Flummox and Friends: Social skills programming for quirky kids

Flummox and Friends is a zany, live action comedy program designed to teach kids social skills. The only problem? It doesn't yet exist. Find out how you can help.

SILVER SPRING, Md, November 20, 2011 — When parents of quirky kids look for appropriate video media to teach social skills, they usually find two broad categories: traditional social skills videos that are often outdated or poorly produced, and mainstream children’s television programming that often doesn’t fit the bill because it is age inappropriate or the characters model bad behavior.

Enter Flummox and Friends, billed as “a smart, quirky show for smart, quirky kids,” or, as creator and executive producer Christa Dahlstrom has called it, “a television program for nerd youth.” Flummox and Friends doesn’t exist yet, but Dahlstrom, along with co-creators Jordan Sadler and Liesl Wenzke Hartmann, hope to see it go live in 2012, by securing funding through a Kickstarter campaign.

Full disclosure here, Dahlstrom and Sadler are both people I consider friends, met through blogging and the online autism community. Further full disclosure? I laughed out loud when I watched their Kickstarter video. Check it out yourself.

Flummox will be a live-action comedy show that embeds ideas about social and emotional skills into the type of programming that kids enjoy watching. Dahlstrom says that she was inspired to create the show by watching her own son gravitate toward humor and story as a way of expressing himself, connecting to others, and learning. “Anytime he’s engaged in something that makes him laugh, he’s more open and more available to take in information,” she says.

Furthermore, Flummox isn’t asking kids who watch to change, and it isn’t sending the message that they need to be fixed. “The characters on Flummox and Friends don’t become any less quirky when they learn a new way of coping with a social challenge,” explains Dahlstrom. “They get to keep being who they are and we try to show the world through their eyes—that these situations are weird and hard—and not make them into characters that need to be fixed.”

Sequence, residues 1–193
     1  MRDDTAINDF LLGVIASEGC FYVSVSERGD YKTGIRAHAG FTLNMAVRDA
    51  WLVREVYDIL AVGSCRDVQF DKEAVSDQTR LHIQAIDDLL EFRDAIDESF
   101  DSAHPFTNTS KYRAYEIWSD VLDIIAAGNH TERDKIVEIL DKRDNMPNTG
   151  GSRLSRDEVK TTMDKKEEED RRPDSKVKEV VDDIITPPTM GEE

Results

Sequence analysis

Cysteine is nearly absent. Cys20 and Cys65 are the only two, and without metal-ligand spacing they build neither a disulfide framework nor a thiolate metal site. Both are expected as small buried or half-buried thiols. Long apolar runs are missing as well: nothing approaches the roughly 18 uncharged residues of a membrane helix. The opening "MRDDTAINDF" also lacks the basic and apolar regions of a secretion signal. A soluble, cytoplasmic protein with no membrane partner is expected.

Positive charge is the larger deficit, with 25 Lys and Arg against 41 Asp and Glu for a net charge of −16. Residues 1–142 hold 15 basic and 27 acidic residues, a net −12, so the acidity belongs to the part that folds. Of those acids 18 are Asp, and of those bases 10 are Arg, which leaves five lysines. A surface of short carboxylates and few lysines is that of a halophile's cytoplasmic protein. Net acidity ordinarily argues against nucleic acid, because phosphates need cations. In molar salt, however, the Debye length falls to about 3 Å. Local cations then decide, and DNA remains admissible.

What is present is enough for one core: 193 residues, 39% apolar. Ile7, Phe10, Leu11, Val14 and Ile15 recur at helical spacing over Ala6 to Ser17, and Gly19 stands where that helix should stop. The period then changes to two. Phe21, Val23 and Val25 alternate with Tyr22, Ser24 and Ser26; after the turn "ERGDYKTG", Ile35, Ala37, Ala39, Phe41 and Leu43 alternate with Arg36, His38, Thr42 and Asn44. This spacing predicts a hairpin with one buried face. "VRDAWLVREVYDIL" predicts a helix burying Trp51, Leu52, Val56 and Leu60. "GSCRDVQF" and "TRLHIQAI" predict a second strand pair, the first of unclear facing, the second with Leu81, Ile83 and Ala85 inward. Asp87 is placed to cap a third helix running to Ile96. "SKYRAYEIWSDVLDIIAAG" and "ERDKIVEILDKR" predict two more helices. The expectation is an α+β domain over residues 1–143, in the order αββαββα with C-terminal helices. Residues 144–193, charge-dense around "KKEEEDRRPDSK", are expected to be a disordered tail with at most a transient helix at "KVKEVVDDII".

The creators of Flummox have put a lot of work into preparing for their Kickstarter campaign. They’ve written several episodes and have gotten feedback from people in the education and entertainment fields as well as from parents and therapists. They invited people from a variety of backgrounds to watch a table read with the actors and give feedback on what was working and what wasn’t.

Flummox is well researched project, largely due to the efforts of Sadler and Wenzke Hartmann, both speech-language and communication therapists. “We helped [Dahlstrom] determine what language to use to describe situations and to teach kids effectively, based on our years of experience with this population,” says Sadler. “We also discussed the strategies we most wanted to see incorporated into the show—skills that we are teaching kids day in and day out were prioritized as target strategies. I know other therapists, parents, and teachers will also love the topics that the series will cover.”

Mark Anderson Phillips as Professor Flummox

Mark Anderson Phillips as Professor Flummox

The show’s target audience is elementary school aged children who are struggling socially, whether they have a diagnosis or not. “What’s special about this show is that it is designed for the children and the adults in their lives so they can learn together,” says Wenzke Hartmann. “Parents, teachers, and therapists will get a better understanding of the thinking patterns and emotional processes that children who struggle socially are working through, and will have real, concrete ways to support children in navigating these challenging situations.”